Ormoc Bay – A Dangerous Place

38th Bomb Group B-25 over Ormoc Bay on November 10, 1944

On November 10, 1944, 1/Lt. H. C. McClanahan and his wingman, 2/Lt. A. R. White, formed the third flight in the 822nd Squadron’s attack on Ormoc Bay, on the island of Leyte, in the Philippines. Roaring at minimum altitude, McClanahan and White opened fire on the freighter-transport Kinka Maru. McClanahan’s co-pilot, 2/Lt. W. A. Wolfe, placed one 500-pounder just aft of the ship’s stern. White ended up in a better position over the transport, and his co-pilot, 2/Lt. Robert L. Miller, dropped their string of bombs, managing to get two direct hits on the vessel. One bomb was seen to explode in the area of the forward hatch and the second amidships.

This painting depicts McClanahan and White pulling up from their strafing run, caught in a maelstrom of flak bursts and tracers. In his bid to escape, McClanahan engaged the Yugumo-class destroyer Akishimo, strafing its deck and releasing three bombs just seconds after passing mere feet above the ship’s superstructure. However, McClanahan’s severely damaged aircraft crashed into the waters of the Kawit Straight, southeast of Ponson Island, breaking into four pieces on impact. Lt. White observed the crash and signaled in the bomber’s position before returning safely to Tacloban Airdrome. There were no survivors from the crash. The 38th Bomb Group was awarded a Distinguished Unit Citation for this mission.

To purchase a copy of this illustration by Jack Fellows, visit our website.

Air Support Over Biak

Throughout the war, there were times when air units were assigned to aid ground troops as they landed in Japanese-occupied territory. Even though the 63rd and 868th Bomb Squadrons flew specialized B-24s designed for night shipping strikes, on May 27, 1944, they were called upon to hit Biak Island in advance of the Allied invasion. The preliminary strike was carried out at 10,000 feet in the pre-dawn hours. Aircrews had to be precise about their bombings. To keep the ground troops safe, aircrews had to obey several restrictions, such as: staying at high altitudes to minimize the chance of friendly fire accidents, no bombing reefs since it could send coral shrapnel into the ships and no bombing jetties that could be used by the Navy for beach landings.

Once the sun rose, more than 140 B-24s and B-25s were in the air and most of the 41st Infantry Division was assigned to move in on the ground. The 43rd’s B-24s bombed Mokmer Airdrome and the Roeber Area, located south of Borokoe Airdrome. Crews were pleased with the accuracy of their drops. Far below and out of harm’s way, the first wave of Task Force Hurricane was dealing with an unanticipated setback: a westerly current that pushed the transports 3000 yards away from the correct landing beach. Watching the scene unfold, the rest of the crews on the landing craft were able to compensate for the current and landed on the right beach.

Biak
American ground forces invaded Biak Island on May 27, 1944. The 43rd Bomb Group supported this offensive with repeated missions to the Biak area, including Mokmer Airdrome, the subject of this photograph. The scale of that pummeling can be seen by the hundreds of bomb craters on the airfield. (William J. Solomon Collection)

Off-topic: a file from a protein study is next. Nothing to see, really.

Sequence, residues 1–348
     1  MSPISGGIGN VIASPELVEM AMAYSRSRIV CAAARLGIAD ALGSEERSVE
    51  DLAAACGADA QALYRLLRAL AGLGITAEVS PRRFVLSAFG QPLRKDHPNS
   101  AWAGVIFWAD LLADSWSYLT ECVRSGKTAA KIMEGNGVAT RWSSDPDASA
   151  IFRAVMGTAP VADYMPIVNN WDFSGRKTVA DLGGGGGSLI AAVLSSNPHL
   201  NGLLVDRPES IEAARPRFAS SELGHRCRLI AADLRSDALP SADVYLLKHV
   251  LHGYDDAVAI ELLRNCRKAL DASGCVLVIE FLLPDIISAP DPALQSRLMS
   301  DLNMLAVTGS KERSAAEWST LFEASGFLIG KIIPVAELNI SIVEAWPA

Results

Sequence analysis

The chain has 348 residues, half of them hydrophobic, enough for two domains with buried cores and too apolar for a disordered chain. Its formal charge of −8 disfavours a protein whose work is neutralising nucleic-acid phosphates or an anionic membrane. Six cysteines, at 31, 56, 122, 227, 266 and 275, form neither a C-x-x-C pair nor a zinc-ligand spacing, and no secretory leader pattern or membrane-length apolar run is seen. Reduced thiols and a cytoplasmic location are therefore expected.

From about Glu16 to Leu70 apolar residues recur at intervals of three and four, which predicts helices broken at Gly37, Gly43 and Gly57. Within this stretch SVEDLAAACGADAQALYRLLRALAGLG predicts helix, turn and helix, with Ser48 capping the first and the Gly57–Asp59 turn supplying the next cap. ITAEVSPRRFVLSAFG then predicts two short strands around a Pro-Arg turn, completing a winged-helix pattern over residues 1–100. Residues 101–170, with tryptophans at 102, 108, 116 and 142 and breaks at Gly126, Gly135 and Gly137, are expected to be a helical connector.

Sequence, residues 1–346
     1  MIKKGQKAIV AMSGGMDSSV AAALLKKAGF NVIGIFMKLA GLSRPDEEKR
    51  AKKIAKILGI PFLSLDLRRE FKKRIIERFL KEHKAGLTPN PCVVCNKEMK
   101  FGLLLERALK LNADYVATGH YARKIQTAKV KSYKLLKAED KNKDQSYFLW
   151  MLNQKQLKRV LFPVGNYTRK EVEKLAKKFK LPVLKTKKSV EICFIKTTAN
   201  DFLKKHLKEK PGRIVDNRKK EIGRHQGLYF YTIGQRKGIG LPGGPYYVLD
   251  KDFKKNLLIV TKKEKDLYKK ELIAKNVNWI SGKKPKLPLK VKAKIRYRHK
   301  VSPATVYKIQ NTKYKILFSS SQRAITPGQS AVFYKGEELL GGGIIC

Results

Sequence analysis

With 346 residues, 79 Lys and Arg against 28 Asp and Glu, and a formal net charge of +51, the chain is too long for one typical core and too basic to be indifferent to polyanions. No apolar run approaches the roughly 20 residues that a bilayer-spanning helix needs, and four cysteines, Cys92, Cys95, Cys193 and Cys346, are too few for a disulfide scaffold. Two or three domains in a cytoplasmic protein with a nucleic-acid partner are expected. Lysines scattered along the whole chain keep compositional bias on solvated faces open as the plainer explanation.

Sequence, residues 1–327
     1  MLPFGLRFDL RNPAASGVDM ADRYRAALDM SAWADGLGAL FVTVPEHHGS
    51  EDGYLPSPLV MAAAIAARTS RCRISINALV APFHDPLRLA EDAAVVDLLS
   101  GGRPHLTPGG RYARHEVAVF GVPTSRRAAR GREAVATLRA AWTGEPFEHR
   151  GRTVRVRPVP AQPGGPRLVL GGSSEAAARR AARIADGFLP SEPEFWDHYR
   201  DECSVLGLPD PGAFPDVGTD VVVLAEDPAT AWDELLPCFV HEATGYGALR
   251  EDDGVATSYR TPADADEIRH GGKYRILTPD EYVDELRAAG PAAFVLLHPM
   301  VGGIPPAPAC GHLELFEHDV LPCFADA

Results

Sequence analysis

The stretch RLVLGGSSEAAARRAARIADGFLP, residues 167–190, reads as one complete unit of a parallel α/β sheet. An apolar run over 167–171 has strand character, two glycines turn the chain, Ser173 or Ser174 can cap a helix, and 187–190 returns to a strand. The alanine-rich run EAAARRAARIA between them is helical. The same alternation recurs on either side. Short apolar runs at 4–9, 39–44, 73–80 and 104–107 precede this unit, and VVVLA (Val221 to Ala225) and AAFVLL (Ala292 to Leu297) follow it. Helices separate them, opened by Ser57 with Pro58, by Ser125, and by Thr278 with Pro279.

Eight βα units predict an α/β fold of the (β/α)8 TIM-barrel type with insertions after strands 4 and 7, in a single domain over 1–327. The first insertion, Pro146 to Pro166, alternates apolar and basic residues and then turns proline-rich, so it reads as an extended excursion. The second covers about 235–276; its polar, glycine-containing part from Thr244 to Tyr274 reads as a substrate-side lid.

By nightfall, all 12,000 Allied troops were on Biak. While they were met with some resistance, there was so little action that the Allies thought that the bulk of the 4000 Japanese troops had already evacuated from the island. That assumption, as well as the troop estimates provided by intelligence, turned out to be wrong. Colonel Naoyuki Kuzume, in charge of the 11,000 troops on Biak, had spread out his troops in strategic locations along ridges and terraces outside of Mokmer Airdrome and the “Ibdi Pocket,” located between Ibdi and the Parai Defile. In these spots, the Japanese put up a fierce fight against the 41st, keeping them out of Mokmer Airdrome until June 8th. It would take even longer for American engineers to safely repair the bombed airfield, as Japanese troops kept shooting at them from higher elevations around Mokmer. The fighting continued into mid-August, delaying any further invasion plans. As word of Col. Kuzume’s successful tactics to ward off Allied troops spread, other Japanese garrisons would adopt similar strategies in the coming months.

Read more about this mission in Ken’s Men Against the Empire, Volume II.

Found in the Archives: December 1942 Map of Salamaua

For each of our books, we carefully go through our various collections and pick out the best images for publication. For one reason or another, some of them simply don’t fit our criteria, but we want to share them because they’re still very interesting to look at. Recently, we ran across one such image, a map of the Japanese-occupied Salamaua area dated December 1, 1942. We believe the map’s data came from prewar sources as well as scouting commando units, as it appears to have prewar housing and military posts marked. At the time, the majority of the attention was on the brutal fighting in the Buna-Gona area, located south of Salamaua.

Map of Salamaua from December 1942
Click on the image to explore the map’s details.

Mission to Rabaul

Over the years, we have dedicated quite a few blog posts to some of the strikes on Rabaul, and we have another one today. The Australian War Memorial posted an old film covering the big October 12, 1943 raid on Rabaul. Before getting into that particular mission, the film explains the logistics that the Allies had to work out weeks earlier. After tracing the Allied advance northward, it’s time for the first of several major attacks on the Japanese stronghold of Rabaul.

Experiencing an Air Raid

This descriptive entry comes from the diary of T/Sgt. Adrian Bottge, a member of the 89th Squadron, 3rd Bomb Group ground crew.

Sunday, May 16, 1943